The words of old Eliza Quinaby of Grand Ronde reservation
For its respectful and/or restrained treatment of an elder, and for its antiquity, I’m pleased with the following find of early rez-period Grand Ronde Chinuk Wawa.
(Explanation: the S-word is used here, but it’s in Eliza’s quoted speech, which strikes me as a careful recording of her words.)
For its interest to linguistics, I’m excited to be sharing today’s text. My linguist readers will be interested to know that this represents the variety of Chinook Jargon that creolized soon after the G.R. Indian Reservation was formed in 1855. They will be fascinated, too, to learn that Eliza here provides us a sample of how that lect was spoken by people who had already been adults in the pre-Reservation times, and went on to participate in the creolizing speech economy.
As I typically do, I’ll supply an interlinear translation, then make a few comments at the end.
To Her Native lllahee.
On Tuesday evening, Old Eliza,
relict of the old Indian chief Quin-
aby, who departed this life about five
years ago, the result of a too liberal
patronage of the holidays, returned
to this city, the home of her fathers,
after a two years’ absence at the res-
ervation at Grand Ronde.
Mrs. Quinaby is now upwards of
80 years of age, it is said, and she
tells a very pitiful tale of her condi-
tion. She says she arrived late
Tuesday night, “clatawa camp, halo
… “went to make camp, without
fire, halo muckmuck, nika hias ticke
a fire, without any food, I really wished for
muckmuck, halo; chako sleep; next
food, [but] there was none; fell asleep; the next
day sun, halo muckmuck chaco,
morning, no food to be found,
nika clatawa, nanege Boston tilli-
I left, and saw white peo-
cums, potlach hiyu yaqua sun
ple, who gave [me] plenty of
muckmuck,” pointing to the east.
food for today” …
“Nika hias ancoty, nika halo tilli-
“I’m an old-old-timer, I have no
cums middlite. Spose nika sick,
people [left]. When I’m sick,
halo tillicum chaco, potlach muck-
no relatives come, to give [me]
muck, halo chako fire, halo chako
food, there’s no fire to be had, no
chuck; nika hias wake close squaw.
water to be had; I’m a miserable woman.
Copa reservation, halo flour, halo
On the Reservation, there’s no flour, no
muckmuck, chako [NULL] Salem, nanege
food, [if I] come [to] Salem, to visit
Boston tillicum, spose maybe pot-
the white people, so that [they] might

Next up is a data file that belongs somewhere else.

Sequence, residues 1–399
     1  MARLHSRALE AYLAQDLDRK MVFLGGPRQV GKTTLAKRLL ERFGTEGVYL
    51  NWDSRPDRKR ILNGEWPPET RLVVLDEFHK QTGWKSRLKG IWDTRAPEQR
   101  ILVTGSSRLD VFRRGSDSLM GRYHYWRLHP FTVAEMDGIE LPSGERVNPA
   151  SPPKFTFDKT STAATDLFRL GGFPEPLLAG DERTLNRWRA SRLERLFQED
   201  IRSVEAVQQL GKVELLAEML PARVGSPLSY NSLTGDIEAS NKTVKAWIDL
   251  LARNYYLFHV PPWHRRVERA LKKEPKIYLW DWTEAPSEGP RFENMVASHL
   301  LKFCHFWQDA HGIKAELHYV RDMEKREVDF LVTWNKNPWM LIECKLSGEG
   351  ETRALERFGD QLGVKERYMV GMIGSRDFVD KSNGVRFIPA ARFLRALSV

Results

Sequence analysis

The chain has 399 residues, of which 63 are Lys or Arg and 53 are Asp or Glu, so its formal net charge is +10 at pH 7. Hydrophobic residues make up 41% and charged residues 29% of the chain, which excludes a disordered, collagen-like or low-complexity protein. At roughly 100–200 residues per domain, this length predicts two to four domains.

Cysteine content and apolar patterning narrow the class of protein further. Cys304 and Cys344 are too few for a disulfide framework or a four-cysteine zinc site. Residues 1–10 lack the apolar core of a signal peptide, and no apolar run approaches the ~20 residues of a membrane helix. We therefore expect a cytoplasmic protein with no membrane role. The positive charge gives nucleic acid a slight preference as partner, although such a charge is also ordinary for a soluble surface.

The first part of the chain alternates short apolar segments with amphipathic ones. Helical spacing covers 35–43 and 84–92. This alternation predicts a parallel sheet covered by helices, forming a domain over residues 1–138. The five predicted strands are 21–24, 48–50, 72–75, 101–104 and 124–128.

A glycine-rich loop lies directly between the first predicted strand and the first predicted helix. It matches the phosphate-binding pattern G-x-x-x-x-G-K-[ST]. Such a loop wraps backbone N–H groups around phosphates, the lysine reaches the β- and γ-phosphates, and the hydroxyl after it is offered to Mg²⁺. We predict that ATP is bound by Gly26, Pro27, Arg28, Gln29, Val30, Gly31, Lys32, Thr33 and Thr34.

lach muckmuck copa nika.” All of
give some food to me.”
which means that old Eliza has a
hard time of it. Nobody to help
her — nothing to eat, and that she is
hard up generally.
Eliza is very bright, even yet, and
could weave a very interesting tale
of early days in Oregon. To the
younger population who never had
the honor of Quinaby‘s acquaint-
ance, it is proper to say that he was
a chief of one of the tribes of this
part of the valley — probably the
Chemeketes. Eliza does not like to
be called Mrs. Quinaby. She says
its [SIC] bad luck for a squaw to keep her
man’s name after he dies. There-
fore she is now simply Eliza — Old
— Salem (OR) Evening Capital Journal, June 7, 1888, page 3, column 3
I’d point out that the are none of the creolized features of Grand Ronde Chinuk Wawa here. You don’t find (productive, whole-word) reduplication. There’s no phonological reduction of auxiliary verbs. I could get nerdier.
Yet Eliza’s Chinuk Wawa is quite fluent, for example in using a NULL preposition, a feature that many less fluent speakers mastered. Nika halo tillicums middlite (náyka hílu tílxam(s) míłayt) uses beautiful CW verb-final word order.
The recent English loans in Eliza’s CW sometimes replace more-established CW lexemes, like when she says flour instead of saplíl, and squaw rather than łúchmən. Surely this material faithfully reflects both her close acquaintance with anglophone whites and her membership in a generation older than the babies who creolized Chinook Jargon into a more elaborate local dialect. (Her birth and death dates are apparently not known, but her husband lived ca. 1815-1883, and she was old in 1888.)